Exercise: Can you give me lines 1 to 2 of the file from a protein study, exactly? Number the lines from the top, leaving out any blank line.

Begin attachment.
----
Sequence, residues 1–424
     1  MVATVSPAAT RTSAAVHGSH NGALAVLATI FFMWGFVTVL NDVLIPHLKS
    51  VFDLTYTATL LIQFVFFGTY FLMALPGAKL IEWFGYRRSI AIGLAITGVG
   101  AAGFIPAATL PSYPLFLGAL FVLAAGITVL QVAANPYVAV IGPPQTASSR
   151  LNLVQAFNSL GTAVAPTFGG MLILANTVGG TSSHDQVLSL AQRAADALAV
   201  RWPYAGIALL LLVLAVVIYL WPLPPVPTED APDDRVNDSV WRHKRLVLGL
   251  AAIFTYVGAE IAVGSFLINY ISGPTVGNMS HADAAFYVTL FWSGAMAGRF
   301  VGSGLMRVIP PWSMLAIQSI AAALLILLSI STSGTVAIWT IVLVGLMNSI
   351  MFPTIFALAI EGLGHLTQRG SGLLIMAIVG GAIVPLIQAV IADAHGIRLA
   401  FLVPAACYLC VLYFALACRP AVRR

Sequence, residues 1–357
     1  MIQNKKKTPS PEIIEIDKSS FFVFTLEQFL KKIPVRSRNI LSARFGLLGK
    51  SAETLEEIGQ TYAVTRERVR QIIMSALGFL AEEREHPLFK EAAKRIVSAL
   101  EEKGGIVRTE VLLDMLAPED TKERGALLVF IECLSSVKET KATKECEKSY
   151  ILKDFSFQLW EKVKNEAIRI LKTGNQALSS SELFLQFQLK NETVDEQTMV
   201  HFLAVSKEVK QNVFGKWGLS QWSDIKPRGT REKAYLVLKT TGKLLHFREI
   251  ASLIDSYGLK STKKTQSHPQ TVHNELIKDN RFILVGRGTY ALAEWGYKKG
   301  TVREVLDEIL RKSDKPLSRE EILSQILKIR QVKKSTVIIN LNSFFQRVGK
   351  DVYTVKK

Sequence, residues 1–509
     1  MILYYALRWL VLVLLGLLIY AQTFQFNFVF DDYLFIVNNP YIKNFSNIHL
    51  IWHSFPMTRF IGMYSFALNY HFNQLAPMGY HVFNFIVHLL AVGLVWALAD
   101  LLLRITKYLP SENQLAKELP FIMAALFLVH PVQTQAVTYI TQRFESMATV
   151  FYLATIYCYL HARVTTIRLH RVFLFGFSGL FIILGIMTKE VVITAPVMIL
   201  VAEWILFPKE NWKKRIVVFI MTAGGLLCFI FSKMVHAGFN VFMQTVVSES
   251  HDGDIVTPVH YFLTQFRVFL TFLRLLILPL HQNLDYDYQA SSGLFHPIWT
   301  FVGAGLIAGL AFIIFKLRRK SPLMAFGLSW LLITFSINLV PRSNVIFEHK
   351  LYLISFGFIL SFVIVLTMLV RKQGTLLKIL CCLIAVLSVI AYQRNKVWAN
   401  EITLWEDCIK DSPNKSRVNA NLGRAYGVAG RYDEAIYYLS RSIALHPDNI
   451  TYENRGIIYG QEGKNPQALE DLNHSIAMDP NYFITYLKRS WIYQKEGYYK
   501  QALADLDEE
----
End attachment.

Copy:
Sequence, residues 1–424
     1  MVATVSPAAT RTSAAVHGSH NGALAVLATI FFMWGFVTVL NDVLIPHLKS